Menu

My reflections on the conference: A Spy in Georgetown

There were moments when I felt like an interloper, a spy, hiding my laniard so people wouldn’t know that I was from an urban area.  After all, I was infiltrating a conference on redefining rural Canada, and the truth be told, I did not belong.

I had heard about the conference from the President of Municipalities Newfoundland and Labrador, Churence Rogers, and he had encouraged me to attend. Given that I am the Mayor of the province’s second largest city,  I thought my chances of being accepted were nil.  But I gave it a shot.

To my surprise I was approved and before long I was walking down the historic streets of Georgetown, Prince Edward Island, headed for the playhouse theatre.  I was going to spend two days there engaged in the most intense discussions I have ever witnessed – all focused on redefining and growing rural Canada.

Delegates wanted to challenge the conventional wisdom that seems to permeate this country that rural Canada is some kind of economic and social basket case headed for the junk yard and challenge it they did.

Zita Cobb from Fogo Island was there and she talked about her big business/cultural experiment on the little island off our shores.  Her plan is expansive, and daunting, but I was caught up in the enthusiasm she brought to the stage and to her project. If her idea’s have any chance of working, I would intrust them to no one else.

Donna Butt, talked about Rising Tide Theatre and her first visits to the little outport of Trinity.  She was entertaining, as I expected, but bringing her vision to life was an amazing story.  These days, her rural business is a huge success and like most Newfoundlanders, no summer goes by without a visit to the bite, to see a play, to eat some food and talk with tourists.

We even heard from an Alberta politician, Doug Griffiths.  He did a presentation on his book, 13 ways to kill your community.  For rural or urban Canada his points are equally valid.  What a learning experience that was for me.  Want to kill your community?  Don’t paint.  The guy was amazing.  His advice – pure gold.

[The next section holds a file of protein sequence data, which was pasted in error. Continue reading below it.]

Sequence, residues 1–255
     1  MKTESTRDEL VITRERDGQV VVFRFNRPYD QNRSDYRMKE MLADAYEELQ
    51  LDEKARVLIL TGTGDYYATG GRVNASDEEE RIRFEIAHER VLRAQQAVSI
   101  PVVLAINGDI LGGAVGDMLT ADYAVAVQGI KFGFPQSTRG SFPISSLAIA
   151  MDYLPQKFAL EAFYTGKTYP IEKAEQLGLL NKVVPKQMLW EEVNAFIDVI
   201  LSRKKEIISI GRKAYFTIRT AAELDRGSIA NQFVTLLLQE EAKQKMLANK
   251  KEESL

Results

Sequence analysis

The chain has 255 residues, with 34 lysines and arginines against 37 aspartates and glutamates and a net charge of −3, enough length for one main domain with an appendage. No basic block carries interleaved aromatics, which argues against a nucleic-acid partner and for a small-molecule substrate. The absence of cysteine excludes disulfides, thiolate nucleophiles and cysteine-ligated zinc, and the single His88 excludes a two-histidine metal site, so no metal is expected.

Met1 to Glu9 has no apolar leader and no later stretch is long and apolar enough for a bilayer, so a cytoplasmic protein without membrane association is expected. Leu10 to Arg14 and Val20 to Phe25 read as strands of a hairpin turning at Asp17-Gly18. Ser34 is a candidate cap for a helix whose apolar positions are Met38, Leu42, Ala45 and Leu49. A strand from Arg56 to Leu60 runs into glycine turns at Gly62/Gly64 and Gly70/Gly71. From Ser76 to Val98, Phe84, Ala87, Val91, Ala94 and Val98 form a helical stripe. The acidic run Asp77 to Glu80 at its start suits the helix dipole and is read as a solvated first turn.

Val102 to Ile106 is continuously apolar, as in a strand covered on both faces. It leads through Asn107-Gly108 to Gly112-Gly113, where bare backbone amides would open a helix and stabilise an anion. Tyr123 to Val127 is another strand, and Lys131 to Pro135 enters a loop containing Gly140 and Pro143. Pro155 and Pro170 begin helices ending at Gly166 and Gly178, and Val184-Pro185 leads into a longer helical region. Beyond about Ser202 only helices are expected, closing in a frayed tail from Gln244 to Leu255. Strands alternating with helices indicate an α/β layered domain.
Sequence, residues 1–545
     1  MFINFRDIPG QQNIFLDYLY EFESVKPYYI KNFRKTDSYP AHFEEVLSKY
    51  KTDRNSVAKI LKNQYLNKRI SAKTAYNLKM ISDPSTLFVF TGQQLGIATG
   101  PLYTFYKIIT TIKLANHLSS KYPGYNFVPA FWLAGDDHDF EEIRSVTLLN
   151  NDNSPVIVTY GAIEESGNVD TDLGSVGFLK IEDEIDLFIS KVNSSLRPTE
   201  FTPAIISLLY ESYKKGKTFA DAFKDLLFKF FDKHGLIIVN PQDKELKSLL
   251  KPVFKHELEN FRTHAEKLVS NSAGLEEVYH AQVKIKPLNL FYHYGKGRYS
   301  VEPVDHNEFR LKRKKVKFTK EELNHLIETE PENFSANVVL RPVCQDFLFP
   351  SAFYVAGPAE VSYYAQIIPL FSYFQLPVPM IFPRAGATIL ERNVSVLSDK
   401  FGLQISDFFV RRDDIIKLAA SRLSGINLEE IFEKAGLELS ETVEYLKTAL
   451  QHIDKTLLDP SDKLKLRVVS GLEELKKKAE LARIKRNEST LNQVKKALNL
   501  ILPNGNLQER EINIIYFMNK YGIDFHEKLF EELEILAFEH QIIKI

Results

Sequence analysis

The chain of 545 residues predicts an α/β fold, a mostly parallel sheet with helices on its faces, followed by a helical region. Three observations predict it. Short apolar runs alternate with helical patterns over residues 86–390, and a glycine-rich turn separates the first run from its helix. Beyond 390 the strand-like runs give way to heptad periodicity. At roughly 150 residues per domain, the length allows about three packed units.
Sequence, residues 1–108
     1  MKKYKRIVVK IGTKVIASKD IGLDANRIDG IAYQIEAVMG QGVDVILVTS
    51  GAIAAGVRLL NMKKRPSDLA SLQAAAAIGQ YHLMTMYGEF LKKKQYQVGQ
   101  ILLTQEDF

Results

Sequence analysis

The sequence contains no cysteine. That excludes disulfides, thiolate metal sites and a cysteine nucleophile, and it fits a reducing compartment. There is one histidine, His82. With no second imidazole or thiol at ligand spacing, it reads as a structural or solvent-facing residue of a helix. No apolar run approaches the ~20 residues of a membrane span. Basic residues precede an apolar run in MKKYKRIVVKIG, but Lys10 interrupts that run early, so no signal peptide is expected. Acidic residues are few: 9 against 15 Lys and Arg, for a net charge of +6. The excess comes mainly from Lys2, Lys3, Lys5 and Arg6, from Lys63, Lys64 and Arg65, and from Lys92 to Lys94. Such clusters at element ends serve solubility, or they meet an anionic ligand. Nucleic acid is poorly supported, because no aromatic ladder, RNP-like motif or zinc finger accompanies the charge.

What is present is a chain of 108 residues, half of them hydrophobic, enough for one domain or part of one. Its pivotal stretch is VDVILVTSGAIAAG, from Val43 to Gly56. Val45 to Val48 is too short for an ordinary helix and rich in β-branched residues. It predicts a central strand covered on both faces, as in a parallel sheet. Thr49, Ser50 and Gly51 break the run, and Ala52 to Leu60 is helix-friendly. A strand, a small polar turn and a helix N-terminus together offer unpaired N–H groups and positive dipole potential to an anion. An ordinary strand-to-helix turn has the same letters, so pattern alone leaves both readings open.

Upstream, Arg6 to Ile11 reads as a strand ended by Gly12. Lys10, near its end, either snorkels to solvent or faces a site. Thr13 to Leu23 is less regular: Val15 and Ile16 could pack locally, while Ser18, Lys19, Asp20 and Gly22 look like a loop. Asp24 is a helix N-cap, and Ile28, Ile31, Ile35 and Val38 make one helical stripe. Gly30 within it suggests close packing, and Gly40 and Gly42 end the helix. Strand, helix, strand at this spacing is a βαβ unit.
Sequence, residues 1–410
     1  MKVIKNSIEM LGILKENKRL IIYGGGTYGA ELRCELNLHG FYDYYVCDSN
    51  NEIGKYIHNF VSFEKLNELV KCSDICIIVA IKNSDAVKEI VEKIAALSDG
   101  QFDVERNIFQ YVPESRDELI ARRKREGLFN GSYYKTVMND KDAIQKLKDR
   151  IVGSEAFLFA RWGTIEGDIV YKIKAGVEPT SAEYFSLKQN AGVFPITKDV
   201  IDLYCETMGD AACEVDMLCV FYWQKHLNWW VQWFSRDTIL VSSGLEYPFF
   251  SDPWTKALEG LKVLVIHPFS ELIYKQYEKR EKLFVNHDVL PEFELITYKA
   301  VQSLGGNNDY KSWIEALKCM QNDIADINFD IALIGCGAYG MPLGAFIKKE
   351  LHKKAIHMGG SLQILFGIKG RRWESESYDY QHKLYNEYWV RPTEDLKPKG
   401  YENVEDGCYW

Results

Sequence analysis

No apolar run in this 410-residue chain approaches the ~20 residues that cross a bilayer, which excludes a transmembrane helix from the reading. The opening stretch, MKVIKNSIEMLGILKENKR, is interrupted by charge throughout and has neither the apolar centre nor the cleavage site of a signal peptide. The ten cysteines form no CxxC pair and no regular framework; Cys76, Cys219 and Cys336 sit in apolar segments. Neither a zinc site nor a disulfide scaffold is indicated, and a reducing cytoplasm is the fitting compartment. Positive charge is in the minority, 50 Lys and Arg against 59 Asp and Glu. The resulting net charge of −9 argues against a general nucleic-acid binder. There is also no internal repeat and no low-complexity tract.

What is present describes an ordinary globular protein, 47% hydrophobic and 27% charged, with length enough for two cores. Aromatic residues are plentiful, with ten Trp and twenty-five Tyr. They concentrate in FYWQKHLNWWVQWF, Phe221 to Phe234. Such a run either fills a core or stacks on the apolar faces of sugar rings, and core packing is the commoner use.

Where did they find Pam Mood?  She is the newly elected Mayor of Yarmouth, NS. This is a small town facing some big challenges. She was electrifying in her address and she let us know that in Yarmouth they have not given up on paint. Her clarion call to citizens “All hands on deck!!!” resonated in her home town and it resonated throughout the play house as well.

There was so much going on and so little time that I forgot I was a spy.  My face was as sad as any when this amazing conference came to an end.

What did I learn in Georgetown? Rural Canada is in good hands and we need to appreciate the value rural Canada brings to the great Canadian banquet.

What is my plan?  Some of the lessons I learned in Georgetown are universal.  My city is going to paint more, we are going reach out to our rural neighbors more and see if we can’t join hands a little more for the benefit of us all.  Maybe we should start thinking in terms of regions a little more and not so much about the rural/urban divide.

Oh, and if you hear that the Mayor of Mount Pearl has called “All hands on deck” to deal with some important community matter, you’ll know where I stole it.

Randy Simms, Mayor of Mount Pearl